Welcome to This is Anthropology. On this website, you can learn more about the discipline of anthropology, use our interactive map to learn about anthropology projects in different parts of the world, explore the skills and careers anthropologists have, and find out how you can become an anthropologist.
An engaged anthropolgist, I have studied the dynamics of white supremacy & labor exploitation conditioning Latino migration to the U.S. South; efforts to strengthen intergroup relations & build cross-racial coalitions; & the logics, mechanics, & effects of non-federal immigrant policing in Atlanta.
I am currently a PhD graduate student studying mortuary archaeology at Michigan State University. My academic interests are in mortuary archaeology and bioarchaeology, and working with the public and digital aspects of the field. Currently my work is on Anglo-Saxon English cremation and inhumation.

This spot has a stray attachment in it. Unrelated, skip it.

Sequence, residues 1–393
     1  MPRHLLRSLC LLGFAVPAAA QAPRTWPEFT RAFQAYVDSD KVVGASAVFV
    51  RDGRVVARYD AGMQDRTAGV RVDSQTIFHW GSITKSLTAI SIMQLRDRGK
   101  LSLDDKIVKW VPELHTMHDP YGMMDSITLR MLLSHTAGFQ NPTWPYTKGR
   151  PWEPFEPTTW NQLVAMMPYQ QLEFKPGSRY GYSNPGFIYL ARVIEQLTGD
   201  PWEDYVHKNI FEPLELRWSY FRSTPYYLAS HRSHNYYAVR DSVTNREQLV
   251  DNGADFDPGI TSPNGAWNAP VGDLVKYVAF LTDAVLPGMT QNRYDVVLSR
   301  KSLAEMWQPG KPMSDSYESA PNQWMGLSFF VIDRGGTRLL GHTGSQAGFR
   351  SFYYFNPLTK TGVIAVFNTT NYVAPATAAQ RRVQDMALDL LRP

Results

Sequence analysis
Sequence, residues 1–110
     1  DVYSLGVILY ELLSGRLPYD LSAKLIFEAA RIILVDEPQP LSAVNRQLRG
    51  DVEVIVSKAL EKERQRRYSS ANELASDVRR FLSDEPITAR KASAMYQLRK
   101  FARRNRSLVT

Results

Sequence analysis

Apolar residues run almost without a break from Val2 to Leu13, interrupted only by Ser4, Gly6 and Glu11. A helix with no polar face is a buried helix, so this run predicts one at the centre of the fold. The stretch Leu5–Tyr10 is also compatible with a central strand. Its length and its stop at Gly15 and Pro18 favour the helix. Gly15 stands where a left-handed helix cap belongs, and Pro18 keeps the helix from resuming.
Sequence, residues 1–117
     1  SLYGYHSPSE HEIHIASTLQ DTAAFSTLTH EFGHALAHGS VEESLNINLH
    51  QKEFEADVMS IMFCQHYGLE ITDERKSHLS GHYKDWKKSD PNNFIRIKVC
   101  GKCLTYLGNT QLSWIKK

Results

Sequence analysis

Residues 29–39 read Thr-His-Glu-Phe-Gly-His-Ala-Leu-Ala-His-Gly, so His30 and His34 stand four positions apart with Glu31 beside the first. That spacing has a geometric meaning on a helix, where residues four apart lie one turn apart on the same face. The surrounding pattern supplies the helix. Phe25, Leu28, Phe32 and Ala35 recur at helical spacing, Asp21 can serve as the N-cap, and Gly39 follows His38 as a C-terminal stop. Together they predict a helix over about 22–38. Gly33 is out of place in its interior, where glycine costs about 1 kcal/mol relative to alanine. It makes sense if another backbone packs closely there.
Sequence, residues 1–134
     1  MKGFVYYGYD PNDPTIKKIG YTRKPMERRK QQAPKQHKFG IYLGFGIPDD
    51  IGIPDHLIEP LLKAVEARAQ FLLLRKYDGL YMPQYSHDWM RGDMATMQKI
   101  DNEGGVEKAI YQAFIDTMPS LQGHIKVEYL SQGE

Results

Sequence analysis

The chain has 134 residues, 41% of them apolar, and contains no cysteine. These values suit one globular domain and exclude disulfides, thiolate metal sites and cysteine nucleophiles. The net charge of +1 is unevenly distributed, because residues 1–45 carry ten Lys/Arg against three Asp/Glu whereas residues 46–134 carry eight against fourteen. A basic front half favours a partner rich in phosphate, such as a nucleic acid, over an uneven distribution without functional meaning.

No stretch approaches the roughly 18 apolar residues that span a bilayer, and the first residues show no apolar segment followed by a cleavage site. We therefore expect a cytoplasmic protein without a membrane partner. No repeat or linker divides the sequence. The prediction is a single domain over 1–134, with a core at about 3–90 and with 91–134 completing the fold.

I am a biological anthropologist. I research the evolution of bipedality in our human ancestors, focusing on the comparative anatomy of the hip bones to answer the question: what factors shape the human pelvis? I also do paleoanthropological fieldwork in East and South Africa.
I'm a biological anthropologist, focusing on non-human primate behavior (lemurs), ecology, and hormones. My work is noninvasive, and investigates the behavioral and physiological changes that species undergo in response to environmental changes. I'm interested in the evolution of shared infant care.
I study linguistic and cultural anthropology. Primarily I work with the Maya in Quintana Roo, Mexico and how new labor patterns are resulting in changes to their foodways and ideology.
I am a cultural anthropologist (Associate Professor at Marshall University) who studies migration, economic restructuring, community development, and environmental health. I am an engaged scholar, committed teacher, and community activist where I live and work in Huntington, West Virginia.